Manitou Island Light Station

Coordinates: 47°25′11″N 87°35′14″W / 47.41972°N 87.58722°W / 47.41972; -87.58722
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Manitou Island Light
Undated USCG photo of the station
LocationManitou Island, Michigan
Coordinates47°25′11″N 87°35′14″W / 47.41972°N 87.58722°W / 47.41972; -87.58722
Height42.5 feet (13.0 m)
ShapeSkeletal with central column
HeritageNational Register of Historic Places listed place Edit this on Wikidata
First lit1862
Focal height25 m (82 ft) Edit this on Wikidata
LensThird order Fresnel lens (original), 12-volt solar powered 7.5-inch (190 mm) acrylic optic (current)
CharacteristicFl W 10s Edit this on Wikidata
Manitou Island Light Station
Nearest cityCopper Harbor, Michigan
MPSU.S. Coast Guard Lighthouses and Light Stations on the Great Lakes TR
NRHP reference No.84001773[1]
Added to NRHPJuly 19, 1984

The Manitou Island Light Station is a lighthouse located on Manitou Island, off the tip of Michigan's Keweenaw Peninsula in Lake Superior. It was listed on the National Register of Historic Places in 1984.[1]


The Manitou Island Light Station consists of a skeletal steel light tower with associated keeper's house,[2] outbuildings, and various walkways and foundations.[3] The tower base measures 26 feet (7.9 m) square at the base and is 17.5 feet (5.3 m) high.[2] The base supports a 42.5 feet (13.0 m) high skeletal tower, atop which is a cast iron ten-sided watch room and ten-sided lantern.[2] A circular staircase covered with iron and lined with wood provides access to the watchtower.[2] The original lens was a Third Order Fresnel Made by Le Paute of Paris and had six separate panels, each with a bull's eye prism.[2] The current lens is also a Third Order Fresnel, with four panels inscribed P. Barbier and Co., Paris.[2]

The keeper's house is a ten-room, two-story frame structure on a stone foundation.[3] It is sided with asbestos shingles (likely from the 1930s) and shingled with asphalt.[3] The interior still has some original doors and woodwork, but much of the wall material and flooring are modern additions.[3]


The first lighthouse on Manitou Island was a rubble-stone tower[3] built in 1850.[2] In 1861, the current light replaced it (one of three built that year with iron structure by the West Point Foundry in New York;[4] the other two were De Tour Reef and Whitefish Point lights, the latter of which still stands and it and Manitou are the oldest iron skeletal light towers on the Great Lakes); the keeper's house was built the same year.[2] A fog signal was added in 1871, and buildings to house it in 1875. These signals were refurbished in 1899.[5] In 1895, an oil house was added, in 1901 a boathouse, and in 1930 a concrete fog signal building was constructed, replacing the earlier one.[3] It is the oldest iron skeletal light tower on the Great Lakes.[2]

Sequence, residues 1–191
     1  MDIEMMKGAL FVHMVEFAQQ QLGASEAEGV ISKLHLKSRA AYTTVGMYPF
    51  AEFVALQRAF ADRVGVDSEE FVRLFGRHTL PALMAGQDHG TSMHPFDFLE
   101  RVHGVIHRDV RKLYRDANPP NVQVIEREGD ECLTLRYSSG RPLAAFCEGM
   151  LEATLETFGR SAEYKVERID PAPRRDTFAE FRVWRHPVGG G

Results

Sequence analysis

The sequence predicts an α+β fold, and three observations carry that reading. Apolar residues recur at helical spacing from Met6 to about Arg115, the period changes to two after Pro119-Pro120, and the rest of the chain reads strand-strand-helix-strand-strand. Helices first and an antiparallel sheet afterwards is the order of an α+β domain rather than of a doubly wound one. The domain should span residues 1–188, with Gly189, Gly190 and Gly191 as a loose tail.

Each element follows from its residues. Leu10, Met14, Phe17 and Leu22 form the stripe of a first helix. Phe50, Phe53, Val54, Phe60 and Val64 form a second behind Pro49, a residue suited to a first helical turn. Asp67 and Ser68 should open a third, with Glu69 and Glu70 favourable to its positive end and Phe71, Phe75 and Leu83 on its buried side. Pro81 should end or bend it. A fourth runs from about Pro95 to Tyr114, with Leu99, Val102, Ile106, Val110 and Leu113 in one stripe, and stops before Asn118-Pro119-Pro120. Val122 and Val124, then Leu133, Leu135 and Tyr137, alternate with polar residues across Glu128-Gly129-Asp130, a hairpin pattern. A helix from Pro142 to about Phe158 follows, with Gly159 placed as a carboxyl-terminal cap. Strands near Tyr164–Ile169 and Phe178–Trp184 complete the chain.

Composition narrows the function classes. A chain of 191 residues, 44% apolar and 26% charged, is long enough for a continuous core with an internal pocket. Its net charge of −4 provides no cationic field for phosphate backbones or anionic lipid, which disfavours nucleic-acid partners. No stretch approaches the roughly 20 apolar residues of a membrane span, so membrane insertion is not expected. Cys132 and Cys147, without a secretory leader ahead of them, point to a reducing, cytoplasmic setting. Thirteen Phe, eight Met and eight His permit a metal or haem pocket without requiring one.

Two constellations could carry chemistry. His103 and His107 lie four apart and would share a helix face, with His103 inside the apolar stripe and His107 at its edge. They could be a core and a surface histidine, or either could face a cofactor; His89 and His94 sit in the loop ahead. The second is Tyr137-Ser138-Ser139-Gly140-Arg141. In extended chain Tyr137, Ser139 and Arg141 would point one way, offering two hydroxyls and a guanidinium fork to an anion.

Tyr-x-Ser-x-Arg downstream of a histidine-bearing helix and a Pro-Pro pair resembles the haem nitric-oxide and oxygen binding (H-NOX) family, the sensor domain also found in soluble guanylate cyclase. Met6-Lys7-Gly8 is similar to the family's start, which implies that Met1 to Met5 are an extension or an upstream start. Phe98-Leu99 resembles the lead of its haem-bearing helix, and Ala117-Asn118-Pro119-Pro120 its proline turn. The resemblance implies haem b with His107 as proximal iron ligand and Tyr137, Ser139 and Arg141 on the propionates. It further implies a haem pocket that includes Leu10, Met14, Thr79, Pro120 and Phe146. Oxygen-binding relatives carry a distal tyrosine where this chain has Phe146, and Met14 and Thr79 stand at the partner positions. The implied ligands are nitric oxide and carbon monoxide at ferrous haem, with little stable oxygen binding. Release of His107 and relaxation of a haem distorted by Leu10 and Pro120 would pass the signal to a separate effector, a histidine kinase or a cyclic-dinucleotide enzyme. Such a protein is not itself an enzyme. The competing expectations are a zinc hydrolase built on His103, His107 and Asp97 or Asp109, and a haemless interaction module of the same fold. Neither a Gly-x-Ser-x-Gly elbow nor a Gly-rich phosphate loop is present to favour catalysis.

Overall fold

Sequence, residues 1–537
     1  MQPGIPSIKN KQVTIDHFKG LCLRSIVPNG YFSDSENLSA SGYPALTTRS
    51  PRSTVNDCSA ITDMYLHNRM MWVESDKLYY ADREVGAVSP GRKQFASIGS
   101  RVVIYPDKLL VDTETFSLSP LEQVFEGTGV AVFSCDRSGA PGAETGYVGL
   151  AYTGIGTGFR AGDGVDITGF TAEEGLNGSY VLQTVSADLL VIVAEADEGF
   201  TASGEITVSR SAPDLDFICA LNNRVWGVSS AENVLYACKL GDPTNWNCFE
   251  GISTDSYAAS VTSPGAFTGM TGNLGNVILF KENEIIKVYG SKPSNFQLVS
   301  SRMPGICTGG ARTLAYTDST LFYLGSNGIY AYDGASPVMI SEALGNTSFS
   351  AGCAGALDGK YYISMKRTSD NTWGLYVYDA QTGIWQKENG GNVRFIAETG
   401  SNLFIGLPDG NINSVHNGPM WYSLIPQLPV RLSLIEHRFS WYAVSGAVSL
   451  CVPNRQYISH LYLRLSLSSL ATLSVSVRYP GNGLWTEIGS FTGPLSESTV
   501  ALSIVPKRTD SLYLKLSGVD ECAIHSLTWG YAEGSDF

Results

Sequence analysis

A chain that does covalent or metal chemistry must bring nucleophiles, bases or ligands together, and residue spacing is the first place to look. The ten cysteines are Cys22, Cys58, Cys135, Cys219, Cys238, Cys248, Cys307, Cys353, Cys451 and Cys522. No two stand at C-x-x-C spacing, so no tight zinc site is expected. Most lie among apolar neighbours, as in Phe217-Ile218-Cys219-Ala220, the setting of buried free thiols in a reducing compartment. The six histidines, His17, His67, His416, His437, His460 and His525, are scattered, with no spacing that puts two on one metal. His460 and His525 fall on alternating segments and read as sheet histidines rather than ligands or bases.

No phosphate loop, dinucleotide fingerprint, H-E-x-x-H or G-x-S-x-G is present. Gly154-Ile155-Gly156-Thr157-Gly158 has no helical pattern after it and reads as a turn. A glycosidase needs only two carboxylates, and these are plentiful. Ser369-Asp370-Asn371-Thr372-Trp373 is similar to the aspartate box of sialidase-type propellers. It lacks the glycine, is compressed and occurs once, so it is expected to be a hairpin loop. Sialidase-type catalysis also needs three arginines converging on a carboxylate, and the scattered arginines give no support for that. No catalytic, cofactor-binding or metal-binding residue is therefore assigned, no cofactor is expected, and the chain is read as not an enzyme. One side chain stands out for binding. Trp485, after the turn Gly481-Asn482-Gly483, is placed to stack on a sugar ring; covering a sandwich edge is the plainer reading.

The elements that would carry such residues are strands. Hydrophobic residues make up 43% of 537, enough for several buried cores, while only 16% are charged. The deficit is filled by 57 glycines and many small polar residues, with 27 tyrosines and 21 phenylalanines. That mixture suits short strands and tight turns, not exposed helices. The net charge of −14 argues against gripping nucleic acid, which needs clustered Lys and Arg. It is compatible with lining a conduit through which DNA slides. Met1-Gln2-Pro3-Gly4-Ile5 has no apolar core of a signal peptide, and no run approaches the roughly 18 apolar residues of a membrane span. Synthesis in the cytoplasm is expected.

The light was automated in 1978, and is still in use as a navigational aid.[6] In 2004, the Keweenaw Land Trust acquired the light from the United States Government, along with surrounding land,[3] under the auspices of the National Historic Lighthouse Preservation Act.[7] The area is open to the public, and is available for camping, rock collecting, hiking, boating, sea kayaking, fishing, and sightseeing.[7]


  1. ^ a b "National Register Information System". National Register of Historic Places. National Park Service. March 13, 2009.
  2. ^ a b c d e f g h i Manitou Island Light Station Archived 2011-06-06 at the Wayback Machine form the state of Michigan, retrieved 8/19/09
  3. ^ a b c d e f g NATIONAL HISTORIC LIGHTHOUSE PRESERVATION ACT APPLICATION TO OBTAIN LIGHT STATION PROPERTY Archived 2008-08-28 at the Wayback Machine, Keweenaw Land Trust, Inc
  4. ^ "Marine Intelligence". The Buffalo Commercial: 3. 22 Mar 1861. Retrieved 24 February 2019.
  5. ^ Terry Pepper, Manitou Island Lighthouse, Seeing the Light
  6. ^ "Historic Light Station Information and Photography: Michigan". United States Coast Guard Historian's Office. Archived from the original on 2017-05-01. Retrieved August 19, 2009.
  7. ^ a b Manitou Island Light Station Preserve from the Keweenaw Land Trust, retrieved 8/19/09

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